We've already heard quite a bit about Danny from various characters in recent weeks, and plenty of hints have been dropped that he's certainly not one to be messed with. Tuesday's episode, however, will give us an opportunity to judge for ourselves as he appears on screen for the first time.
Based on Darren's comments in our main interview - which you can read by clicking here - it sounds as if the villagers would do well to stay on Danny's good side once he becomes a regular fixture on the programme later this year…
If you've already seen the main chat, read on as Darren tells us more about Hollyoaks and also shares his thoughts on his acting career in general and recent charity work.
How does working on a soap compare to the acting work that you've done in the past?
"It's hard to say at the moment, because I've still only filmed one episode, and since then I've been busy doing promotion. But I suppose the main difference is that most of the stuff that I've done in the past has been theatre-based, where your day's work starts at about 6pm when you get into the theatre. With theatre, your day's work is between 6pm and 10.30pm. So the biggest difference will be the timing, as the Hollyoaks cast work 7am to 7pm most days. That might be a bit of a shock to the system, but I have kids and they get up very early, so I'm used to being up at that time!"
Is TV something that you've always wanted to do more of?
"Yeah, it is really. I've done a bit of camera action over the years - I did a film and I did quite a few episodes of Doctors. But when I realised that I'd really like to have a go at this was a couple of years ago when I did an episode of The Bill. I played quite an unsavoury character on The Bill, and I really loved it - I found it really creative and I got bitten by the bug for camera action. So I knew a couple of years ago that I wanted to go in this direction, but I had other commitments - I had a tour in 2008 that was pretty much for the whole year, and then I did a couple of shorter tours last year, and was on tour with We Will Rock You, the Queen musical, at Christmas. I've never really had the opportunity where I could commit to a long contract, so this year I've held out and gone to meet various producers for various soaps and dramas, and this is the one that's come off. I couldn't ask for a better part."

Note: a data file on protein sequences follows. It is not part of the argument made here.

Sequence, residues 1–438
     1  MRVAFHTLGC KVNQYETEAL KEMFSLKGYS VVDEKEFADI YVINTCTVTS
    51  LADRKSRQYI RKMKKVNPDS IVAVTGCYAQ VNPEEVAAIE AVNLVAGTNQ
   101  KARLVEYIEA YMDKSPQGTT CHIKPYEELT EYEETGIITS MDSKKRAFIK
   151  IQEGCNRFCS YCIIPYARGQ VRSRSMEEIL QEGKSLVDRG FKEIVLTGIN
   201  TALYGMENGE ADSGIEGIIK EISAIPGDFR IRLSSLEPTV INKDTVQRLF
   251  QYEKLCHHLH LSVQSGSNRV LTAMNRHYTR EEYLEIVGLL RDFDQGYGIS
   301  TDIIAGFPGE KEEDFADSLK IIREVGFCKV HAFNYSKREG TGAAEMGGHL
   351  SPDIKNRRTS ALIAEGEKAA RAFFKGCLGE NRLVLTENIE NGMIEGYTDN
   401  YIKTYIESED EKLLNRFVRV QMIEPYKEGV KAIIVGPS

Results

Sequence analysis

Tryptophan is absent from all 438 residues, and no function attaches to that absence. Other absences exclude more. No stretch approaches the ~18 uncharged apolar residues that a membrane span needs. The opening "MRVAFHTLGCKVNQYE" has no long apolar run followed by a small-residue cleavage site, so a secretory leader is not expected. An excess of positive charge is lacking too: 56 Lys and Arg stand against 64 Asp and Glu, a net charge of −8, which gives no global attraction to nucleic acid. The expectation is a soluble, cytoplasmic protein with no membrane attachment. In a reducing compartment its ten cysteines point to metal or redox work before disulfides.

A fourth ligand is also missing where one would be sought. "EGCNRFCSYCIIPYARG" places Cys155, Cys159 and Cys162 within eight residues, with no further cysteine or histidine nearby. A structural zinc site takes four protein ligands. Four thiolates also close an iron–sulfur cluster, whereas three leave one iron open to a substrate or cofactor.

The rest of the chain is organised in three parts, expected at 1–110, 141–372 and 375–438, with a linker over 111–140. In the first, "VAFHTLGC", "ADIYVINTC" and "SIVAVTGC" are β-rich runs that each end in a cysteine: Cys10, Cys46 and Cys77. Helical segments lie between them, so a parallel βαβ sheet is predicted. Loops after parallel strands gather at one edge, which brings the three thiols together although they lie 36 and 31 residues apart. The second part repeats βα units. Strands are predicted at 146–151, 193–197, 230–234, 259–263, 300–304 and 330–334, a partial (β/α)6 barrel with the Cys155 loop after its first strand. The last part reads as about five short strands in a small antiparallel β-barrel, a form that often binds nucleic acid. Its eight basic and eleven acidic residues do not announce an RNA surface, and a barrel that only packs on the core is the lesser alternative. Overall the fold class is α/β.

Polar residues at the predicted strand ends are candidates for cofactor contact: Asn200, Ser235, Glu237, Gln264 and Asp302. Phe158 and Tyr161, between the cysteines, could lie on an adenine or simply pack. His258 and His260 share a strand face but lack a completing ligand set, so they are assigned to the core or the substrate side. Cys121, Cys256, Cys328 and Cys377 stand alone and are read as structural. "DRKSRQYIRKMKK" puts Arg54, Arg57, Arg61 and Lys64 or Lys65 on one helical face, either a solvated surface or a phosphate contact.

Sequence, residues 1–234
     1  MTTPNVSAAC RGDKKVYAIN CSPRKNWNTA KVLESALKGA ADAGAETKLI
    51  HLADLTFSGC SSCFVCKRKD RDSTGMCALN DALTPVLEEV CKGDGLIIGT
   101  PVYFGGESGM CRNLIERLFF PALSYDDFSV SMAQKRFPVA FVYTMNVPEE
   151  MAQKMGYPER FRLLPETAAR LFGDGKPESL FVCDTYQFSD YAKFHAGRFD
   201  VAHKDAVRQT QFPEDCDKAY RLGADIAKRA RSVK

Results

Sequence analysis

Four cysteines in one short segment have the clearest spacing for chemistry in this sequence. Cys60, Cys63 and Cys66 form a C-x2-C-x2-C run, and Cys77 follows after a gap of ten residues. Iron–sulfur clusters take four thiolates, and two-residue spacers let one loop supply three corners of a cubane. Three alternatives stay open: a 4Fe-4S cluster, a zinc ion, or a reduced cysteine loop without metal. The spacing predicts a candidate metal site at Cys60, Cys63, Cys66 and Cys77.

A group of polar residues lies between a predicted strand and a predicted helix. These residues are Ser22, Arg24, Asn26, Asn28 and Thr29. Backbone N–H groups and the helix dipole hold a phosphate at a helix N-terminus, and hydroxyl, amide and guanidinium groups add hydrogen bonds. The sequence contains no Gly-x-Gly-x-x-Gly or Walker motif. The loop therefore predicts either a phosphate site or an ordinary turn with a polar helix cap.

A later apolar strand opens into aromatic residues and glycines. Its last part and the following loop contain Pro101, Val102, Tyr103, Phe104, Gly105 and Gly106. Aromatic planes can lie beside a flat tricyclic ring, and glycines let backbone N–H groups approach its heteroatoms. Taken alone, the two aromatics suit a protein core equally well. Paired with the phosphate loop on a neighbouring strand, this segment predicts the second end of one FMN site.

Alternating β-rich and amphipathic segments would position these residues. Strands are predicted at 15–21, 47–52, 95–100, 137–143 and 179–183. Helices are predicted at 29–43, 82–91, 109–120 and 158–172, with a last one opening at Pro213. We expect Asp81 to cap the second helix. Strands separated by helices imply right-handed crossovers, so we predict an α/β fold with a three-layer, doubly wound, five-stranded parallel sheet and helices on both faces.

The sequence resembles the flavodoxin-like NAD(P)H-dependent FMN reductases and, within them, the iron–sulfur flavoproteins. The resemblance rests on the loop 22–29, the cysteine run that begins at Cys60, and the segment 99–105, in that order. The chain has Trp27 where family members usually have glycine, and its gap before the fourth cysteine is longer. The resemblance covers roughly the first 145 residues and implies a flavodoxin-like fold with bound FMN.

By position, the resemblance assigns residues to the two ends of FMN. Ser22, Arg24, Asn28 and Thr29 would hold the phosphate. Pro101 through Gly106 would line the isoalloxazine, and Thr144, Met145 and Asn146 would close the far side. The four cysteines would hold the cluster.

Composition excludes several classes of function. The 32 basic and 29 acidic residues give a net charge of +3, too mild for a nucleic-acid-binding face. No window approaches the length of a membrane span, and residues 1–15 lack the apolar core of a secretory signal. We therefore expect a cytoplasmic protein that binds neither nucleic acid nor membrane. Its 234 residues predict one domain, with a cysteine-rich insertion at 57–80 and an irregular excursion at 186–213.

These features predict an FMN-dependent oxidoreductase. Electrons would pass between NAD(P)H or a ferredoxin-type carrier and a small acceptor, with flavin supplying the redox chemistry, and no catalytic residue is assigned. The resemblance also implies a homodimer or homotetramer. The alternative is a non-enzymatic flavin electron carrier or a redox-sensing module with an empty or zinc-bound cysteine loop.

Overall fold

What's Paul Marquess like to work with?
"He's fantastic. It's wonderful for Hollyoaks that Paul has gone in there. I think he's already turned it around. When a soap or a drama has been running for that long, it's good for someone new to come in and to inject some new life into it. I think that's what Paul has done - it's become much grittier and has a new edge to it. There's lots of big storylines coming up between now and Christmas - and I've been told that they're going to be quite shocking."
You recently recorded a single to raise money for ABF, The Soldiers' Charity. Why did you choose to become involved in that?
"A few reasons, really. The song was 'No-One But You (Only The Good Die Young)', which was written by Brian May when Freddie Mercury died. Having done the We Will Rock You show, I became quite good pals with Brian and he's quite a good mate of mine now, so I knew the sentiment and story behind the song being written. For that reason, I really wanted to be involved in it. When you're famous, you get offered a lot of charity stuff and you have to do as much as you can, but I think it's important to do the ones that you really feel passionate about. I've got a couple of mates - one in particular - who were out on the frontline last year, so it was something that was quite close. I'm a big supporter of the girls and the boys that are fighting for our country, like we all are. It was brilliant to be part of it and try to raise some money for them. The Soldiers' Charity has been running for 66 years and done some amazing work, and the support network that they give to the soldiers is amazing."
Would you like to do more work with the charity?
"I would - I've done a lot for them, gone out and done a few interviews, I've gone out and done the Forces' radio and Forces' telly. It was quite amazing really, as some of the interviews that I did were live to Afghanistan and I was giving messages to the girls and guys that were out there. I would get behind the charity 100% - anything I was asked to do for the charity, I would do."
Finally, have you ever felt like you haven't had enough recognition for your acting skills?
"If I'm going to be totally honest, perhaps yes. I think that tabloid headlines about my private life became the pinnacle of what Darren Day was about, and it was almost like my career was overshadowed and fell into the background a bit. Rather than being known for my work, I became known for my private life, and that was never the plan. As a younger guy, I never wanted to become famous just for being famous - I wanted to act and sing for a living, and be an entertainer. It was quite hard when my career and performances stopped being talked about, and it just became about who I was sleeping with and what else I was up to. But I live my life a lot differently now. I'm happily married, I have children - I'm a husband and a father. It would be lovely to think that my work could now be what's written about, rather than all the old headlines that I've read for years. I'd like my work to finally do the talking - but we'll have to wait and see!"
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